Using PRP Injections to Treat Cubital Tunnel Syndrome
We’ve all been there. Somehow, and often out of nowhere, you hit your elbow in just the right spot to cause severe pain to shoot up and down your arm. This pain occurs whether you barely hit your elbow or when you really smack it against something. Why? The pain you feel when you hit your funny bone is one unlike any other. What causes that not so funny feeling you get when you hit your funny bone? And what do you do if the pain that you feel when you hit your funny bone is intolerable?
When you hit your funny bone, you’re not actually hitting a bone at all. Instead, you’re hitting a nerve. The specific nerve that causes the odd pain associated with hitting your funny bone is your ulnar nerve. It is one of the three central nerves in your arm. The ulnar nerve starts running down your body at the back of your neck and ends in your hand. Like most of the nerves in your body, the ulnar nerve is protected for most of its length. However, there are some vulnerable spots where the ulnar nerve can be bumped and bruised. One of these vulnerable areas where the ulnar nerve is susceptible to compression is in the elbow.
When the ulnar nerve is compressed, it sends shooting, tingling pain and numbness through the arm.
You often feel this pain travel down the forearm before it spreads into the hand and specifically your ring and pinky fingers. This is where the ulnar nerve does most of its work, so the pain follows that path. Often the pain dissipates as quickly as it arises, but what if it didn’t?
The pain of hitting your funny bone is jarring. On the same level as stubbing your toe, when it happens, it seems to be the worst thing in the world. However, for some, that pain never goes away but instead becomes a constant chronic pain. This problem is called cubital tunnel syndrome and arises when the ulnar nerve is continuously compressed.
Signs of Cubital Tunnel Syndrome
Continuous compression of the ulnar nerve can result in cubital tunnel syndrome, but what are the signs? The signs of cubital tunnel syndrome match the symptoms of hitting your funny bone, but last much longer.
The most common signs include:
- Numbness in the forearm, hand, and fingers that quickly appears and lingers
- Sudden pain that occurs when the elbow is bent and continues to radiate
- A tingling sensation that arises and lasts abnormally longer
These symptoms can often lead to even more irritation that results in the numbness being consistent and settling in to the hand and forearm. In severe situations, the numbness can result in muscle weakness that settles in the forearm and hand. This can further lead to some patients developing the “ulnar claw” where the pinky and ring finger curl up in response to extensive numbness.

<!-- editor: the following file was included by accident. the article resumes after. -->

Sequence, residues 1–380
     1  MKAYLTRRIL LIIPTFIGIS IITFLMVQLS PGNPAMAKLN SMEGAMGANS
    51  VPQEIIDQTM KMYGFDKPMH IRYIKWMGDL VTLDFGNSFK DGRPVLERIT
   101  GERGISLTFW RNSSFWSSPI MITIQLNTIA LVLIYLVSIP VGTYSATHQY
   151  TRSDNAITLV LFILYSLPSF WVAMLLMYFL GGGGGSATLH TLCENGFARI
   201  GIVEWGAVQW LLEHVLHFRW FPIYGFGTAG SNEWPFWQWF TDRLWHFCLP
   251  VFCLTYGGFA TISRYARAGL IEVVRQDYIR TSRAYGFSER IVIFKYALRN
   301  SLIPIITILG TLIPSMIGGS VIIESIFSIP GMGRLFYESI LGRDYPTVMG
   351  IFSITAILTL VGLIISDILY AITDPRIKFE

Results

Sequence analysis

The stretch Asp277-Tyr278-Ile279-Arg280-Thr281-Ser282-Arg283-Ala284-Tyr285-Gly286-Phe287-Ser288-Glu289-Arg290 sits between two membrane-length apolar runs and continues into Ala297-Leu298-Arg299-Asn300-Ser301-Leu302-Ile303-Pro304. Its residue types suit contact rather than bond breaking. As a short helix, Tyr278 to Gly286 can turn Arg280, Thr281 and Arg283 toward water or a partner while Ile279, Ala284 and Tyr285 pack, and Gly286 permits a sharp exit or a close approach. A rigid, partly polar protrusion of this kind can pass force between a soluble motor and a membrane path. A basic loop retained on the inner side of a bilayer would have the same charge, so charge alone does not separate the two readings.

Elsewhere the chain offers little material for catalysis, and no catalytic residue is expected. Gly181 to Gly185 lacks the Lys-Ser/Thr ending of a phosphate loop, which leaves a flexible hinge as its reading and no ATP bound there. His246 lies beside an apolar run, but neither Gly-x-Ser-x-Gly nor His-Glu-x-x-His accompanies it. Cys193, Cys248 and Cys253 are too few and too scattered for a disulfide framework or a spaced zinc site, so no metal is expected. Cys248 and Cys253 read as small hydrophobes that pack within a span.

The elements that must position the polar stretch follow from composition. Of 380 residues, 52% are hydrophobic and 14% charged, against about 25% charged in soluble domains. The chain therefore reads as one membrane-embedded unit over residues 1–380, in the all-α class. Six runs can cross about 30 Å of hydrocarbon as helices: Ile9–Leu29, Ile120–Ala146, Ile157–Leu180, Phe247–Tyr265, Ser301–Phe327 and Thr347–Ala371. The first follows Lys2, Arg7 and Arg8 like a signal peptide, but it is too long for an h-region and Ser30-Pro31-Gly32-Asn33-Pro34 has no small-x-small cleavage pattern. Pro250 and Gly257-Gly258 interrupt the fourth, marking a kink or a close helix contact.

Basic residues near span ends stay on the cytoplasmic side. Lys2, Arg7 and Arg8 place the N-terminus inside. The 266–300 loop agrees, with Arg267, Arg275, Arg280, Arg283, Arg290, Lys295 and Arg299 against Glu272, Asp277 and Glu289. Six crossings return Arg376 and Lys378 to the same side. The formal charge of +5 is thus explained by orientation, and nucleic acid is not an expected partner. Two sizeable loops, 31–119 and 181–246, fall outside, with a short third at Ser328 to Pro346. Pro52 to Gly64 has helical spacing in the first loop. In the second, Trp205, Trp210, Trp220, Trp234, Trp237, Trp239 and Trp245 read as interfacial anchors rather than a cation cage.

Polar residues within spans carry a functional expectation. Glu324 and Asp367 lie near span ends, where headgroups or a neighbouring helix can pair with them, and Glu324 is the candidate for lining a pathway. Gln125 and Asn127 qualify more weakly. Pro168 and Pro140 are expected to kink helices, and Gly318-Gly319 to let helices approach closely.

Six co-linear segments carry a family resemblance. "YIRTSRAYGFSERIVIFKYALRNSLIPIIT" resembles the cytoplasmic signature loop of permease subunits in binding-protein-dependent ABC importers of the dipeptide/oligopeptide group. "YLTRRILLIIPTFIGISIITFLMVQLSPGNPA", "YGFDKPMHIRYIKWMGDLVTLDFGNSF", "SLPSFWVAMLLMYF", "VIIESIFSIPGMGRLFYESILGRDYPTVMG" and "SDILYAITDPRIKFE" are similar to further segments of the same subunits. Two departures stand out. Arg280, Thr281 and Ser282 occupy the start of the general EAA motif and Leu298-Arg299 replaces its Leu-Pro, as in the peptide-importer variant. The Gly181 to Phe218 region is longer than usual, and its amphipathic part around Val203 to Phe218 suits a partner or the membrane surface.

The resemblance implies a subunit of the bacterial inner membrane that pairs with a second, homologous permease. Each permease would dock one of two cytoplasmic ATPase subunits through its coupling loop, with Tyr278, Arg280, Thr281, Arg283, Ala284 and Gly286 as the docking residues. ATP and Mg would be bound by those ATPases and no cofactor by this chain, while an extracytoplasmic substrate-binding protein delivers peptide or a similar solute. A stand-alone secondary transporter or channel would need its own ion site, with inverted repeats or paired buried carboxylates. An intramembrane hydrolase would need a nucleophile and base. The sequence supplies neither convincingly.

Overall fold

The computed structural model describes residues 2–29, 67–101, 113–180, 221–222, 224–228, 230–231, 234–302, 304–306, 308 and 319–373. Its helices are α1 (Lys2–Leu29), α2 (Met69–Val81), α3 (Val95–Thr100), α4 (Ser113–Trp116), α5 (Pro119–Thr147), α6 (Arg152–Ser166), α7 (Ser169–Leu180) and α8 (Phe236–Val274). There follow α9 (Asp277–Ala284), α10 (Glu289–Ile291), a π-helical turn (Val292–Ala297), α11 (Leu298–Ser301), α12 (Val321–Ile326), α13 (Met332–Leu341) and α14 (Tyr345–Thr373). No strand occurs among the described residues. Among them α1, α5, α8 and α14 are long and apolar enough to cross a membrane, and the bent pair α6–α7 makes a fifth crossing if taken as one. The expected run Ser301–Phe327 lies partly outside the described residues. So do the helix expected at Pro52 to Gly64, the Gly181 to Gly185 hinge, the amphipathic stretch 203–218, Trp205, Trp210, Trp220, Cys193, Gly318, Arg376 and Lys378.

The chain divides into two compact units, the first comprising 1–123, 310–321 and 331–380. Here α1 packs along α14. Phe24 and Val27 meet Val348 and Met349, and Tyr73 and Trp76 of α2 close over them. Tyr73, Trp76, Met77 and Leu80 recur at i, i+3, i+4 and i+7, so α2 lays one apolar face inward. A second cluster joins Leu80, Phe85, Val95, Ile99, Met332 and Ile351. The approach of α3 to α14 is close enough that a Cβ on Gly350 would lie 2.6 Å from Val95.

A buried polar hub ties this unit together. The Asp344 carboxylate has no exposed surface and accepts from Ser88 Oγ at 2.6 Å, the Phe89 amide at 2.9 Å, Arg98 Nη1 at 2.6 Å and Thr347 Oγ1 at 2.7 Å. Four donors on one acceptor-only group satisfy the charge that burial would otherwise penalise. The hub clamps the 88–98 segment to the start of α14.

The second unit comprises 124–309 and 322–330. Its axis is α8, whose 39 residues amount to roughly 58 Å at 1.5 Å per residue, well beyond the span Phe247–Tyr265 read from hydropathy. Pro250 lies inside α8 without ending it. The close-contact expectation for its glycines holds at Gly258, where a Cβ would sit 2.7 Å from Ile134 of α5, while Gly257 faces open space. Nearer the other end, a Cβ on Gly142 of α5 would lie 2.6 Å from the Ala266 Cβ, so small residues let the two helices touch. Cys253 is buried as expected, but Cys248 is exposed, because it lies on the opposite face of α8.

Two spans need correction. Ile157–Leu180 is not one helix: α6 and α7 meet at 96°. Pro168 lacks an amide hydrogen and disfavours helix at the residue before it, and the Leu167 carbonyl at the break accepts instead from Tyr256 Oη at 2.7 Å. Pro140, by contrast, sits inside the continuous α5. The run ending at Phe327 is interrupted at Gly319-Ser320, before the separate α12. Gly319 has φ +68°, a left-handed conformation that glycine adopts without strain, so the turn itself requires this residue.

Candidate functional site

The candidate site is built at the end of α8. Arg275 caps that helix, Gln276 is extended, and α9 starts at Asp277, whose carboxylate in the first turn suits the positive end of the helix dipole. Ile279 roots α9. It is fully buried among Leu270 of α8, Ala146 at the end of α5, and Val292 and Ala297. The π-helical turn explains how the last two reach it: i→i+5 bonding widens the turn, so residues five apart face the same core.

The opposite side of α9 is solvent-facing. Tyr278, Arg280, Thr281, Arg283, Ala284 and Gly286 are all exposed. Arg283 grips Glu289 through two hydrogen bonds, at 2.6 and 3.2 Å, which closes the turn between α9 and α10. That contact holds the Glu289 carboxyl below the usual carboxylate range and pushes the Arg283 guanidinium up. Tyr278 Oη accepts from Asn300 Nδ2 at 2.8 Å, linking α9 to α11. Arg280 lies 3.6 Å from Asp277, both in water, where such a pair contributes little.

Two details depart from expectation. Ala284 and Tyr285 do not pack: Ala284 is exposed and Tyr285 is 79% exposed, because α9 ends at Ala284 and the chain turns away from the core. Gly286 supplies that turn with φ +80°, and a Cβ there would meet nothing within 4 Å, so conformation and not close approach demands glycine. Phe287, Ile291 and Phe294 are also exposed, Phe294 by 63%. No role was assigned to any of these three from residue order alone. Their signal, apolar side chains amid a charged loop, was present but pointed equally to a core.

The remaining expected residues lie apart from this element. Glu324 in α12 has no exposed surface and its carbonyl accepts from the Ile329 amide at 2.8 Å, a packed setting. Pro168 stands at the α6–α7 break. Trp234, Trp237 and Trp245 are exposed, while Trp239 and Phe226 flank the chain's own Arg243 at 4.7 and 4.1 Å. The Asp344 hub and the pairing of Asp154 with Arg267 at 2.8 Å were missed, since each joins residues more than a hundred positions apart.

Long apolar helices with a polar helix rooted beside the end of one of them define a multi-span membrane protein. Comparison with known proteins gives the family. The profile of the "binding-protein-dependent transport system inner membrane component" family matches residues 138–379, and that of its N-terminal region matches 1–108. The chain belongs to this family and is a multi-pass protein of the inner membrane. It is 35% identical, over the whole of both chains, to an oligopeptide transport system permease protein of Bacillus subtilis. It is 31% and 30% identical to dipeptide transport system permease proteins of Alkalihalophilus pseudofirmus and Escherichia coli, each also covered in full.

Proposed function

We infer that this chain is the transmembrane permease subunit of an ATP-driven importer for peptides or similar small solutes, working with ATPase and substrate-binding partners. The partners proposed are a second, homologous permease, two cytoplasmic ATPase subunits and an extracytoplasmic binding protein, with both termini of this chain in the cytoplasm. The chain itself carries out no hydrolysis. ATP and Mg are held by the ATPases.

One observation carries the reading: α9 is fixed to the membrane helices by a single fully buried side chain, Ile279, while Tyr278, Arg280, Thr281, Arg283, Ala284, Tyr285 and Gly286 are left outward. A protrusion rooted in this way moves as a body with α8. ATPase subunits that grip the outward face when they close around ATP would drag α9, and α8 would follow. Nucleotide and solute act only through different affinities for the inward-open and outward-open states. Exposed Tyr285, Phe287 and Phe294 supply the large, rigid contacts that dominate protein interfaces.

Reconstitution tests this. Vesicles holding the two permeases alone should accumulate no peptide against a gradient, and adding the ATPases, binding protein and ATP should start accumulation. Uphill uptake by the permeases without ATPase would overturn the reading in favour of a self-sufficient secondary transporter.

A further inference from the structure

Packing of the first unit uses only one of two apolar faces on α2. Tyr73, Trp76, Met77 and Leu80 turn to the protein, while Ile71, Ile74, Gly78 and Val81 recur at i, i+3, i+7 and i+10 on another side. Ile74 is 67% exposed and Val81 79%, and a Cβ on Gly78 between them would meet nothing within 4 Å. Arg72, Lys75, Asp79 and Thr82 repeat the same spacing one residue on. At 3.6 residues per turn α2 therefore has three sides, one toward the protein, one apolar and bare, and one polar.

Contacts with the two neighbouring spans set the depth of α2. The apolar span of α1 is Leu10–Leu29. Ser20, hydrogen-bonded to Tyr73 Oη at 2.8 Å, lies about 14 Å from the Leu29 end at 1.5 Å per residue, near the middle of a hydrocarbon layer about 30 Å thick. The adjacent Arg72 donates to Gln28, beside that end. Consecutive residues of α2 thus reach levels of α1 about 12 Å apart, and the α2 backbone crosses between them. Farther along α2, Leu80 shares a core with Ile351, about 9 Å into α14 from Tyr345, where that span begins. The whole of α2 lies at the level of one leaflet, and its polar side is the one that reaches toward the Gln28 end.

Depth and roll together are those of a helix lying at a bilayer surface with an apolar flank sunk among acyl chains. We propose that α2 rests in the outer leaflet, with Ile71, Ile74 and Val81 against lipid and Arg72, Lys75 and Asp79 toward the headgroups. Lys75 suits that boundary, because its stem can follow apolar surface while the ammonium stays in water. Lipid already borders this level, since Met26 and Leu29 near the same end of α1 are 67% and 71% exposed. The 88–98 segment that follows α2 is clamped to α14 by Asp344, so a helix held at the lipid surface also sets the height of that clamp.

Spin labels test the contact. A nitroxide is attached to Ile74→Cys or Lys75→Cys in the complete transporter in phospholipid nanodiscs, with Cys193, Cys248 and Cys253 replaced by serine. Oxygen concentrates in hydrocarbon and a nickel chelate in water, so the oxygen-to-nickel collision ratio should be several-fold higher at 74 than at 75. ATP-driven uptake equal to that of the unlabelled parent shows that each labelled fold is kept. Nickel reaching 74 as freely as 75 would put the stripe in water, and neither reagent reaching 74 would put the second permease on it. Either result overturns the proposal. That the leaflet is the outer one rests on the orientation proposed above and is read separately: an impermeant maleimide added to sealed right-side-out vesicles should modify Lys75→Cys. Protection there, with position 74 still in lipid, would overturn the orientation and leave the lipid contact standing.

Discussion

How to Relieve Pressure on the Ulnar Nerve
There are a few medical approaches to relieving pressure on the ulnar nerve and healing cubital tunnel syndrome. More often than not, splinting the elbow keeps the affected arm straight and relieves pressure on the nerve. Splinting the elbow not only keeps the arm straight, but also prevents patients from making repetitive movements that could further irritate the ulnar nerve.
If splinting and pressure relief does not alleviate the ulnar nerve pressure, anti-inflammatory medications may be prescribed. Surgery is another option for those suffering from chronic pain as a result of cubital tunnel syndrome. However, there are other medical approaches that are not as common but may offer pain relief. One of these, which Dr. Stacie Grossfeld offers in Louisville, KY, are PRP injections.
PRP, or Platelet Rich Plasma, injections are used to help a wide variety of conditions such as tennis elbow, achilles tendonitis, and osteoarthritis. While PRP injections are most often used to relieve joint pain they can also help with cubital tunnel syndrome, as well.
PRP injections are injections of plasma – the liquid part of your blood – with more platelets injected into it. The platelets in our blood promote healing. PRP injections have a higher concentration of platelets which help fight inflammation and pain. PRP injections are known to treat chronic pain, chronic injuries, and can even help with pain management post surgery.
Chronic pain of any form should not be tolerated. Chronic pain, such as cubital tunnel syndrome, that affects the functionality of your hands and the comfort of your day-to-day life should be treated immediately. If splinting isn’t working and pain medication isn’t helping, consider speaking to your medical provider about PRP injections. They can help to alleviate the pain and allow you to return to your normal day-to-day life.
Dr. Stacie Grossfeld has over 25 years of experience as an orthopedic surgeon with a specialty in sports medicine. She is one of the only doctors in the Louisville, KY area to offer PRP injections at an affordable price regardless of insurance and medical coverage. If you are suffering from chronic pain due to a compressed ulnar nerve or other injury, call Orthopaedic Specialists at 502-212-2663 today to schedule an appointment.